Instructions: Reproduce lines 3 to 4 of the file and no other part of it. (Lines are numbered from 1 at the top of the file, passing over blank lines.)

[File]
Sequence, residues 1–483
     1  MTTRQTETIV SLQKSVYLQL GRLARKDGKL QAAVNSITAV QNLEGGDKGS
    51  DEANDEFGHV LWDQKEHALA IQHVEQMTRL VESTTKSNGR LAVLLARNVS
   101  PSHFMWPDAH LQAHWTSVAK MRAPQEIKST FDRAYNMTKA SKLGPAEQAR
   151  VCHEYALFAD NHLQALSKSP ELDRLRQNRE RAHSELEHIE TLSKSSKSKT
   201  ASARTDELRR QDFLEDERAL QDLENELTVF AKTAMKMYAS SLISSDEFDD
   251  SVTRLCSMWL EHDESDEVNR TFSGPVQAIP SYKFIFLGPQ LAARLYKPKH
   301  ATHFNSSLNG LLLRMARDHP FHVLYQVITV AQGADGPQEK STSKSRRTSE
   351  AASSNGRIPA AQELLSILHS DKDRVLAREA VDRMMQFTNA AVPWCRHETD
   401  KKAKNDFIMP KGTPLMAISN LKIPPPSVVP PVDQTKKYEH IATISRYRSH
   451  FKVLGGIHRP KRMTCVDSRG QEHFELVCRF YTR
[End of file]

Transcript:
    51  DEANDEFGHV LWDQKEHALA IQHVEQMTRL VESTTKSNGR LAVLLARNVS
   101  PSHFMWPDAH LQAHWTSVAK MRAPQEIKST FDRAYNMTKA SKLGPAEQAR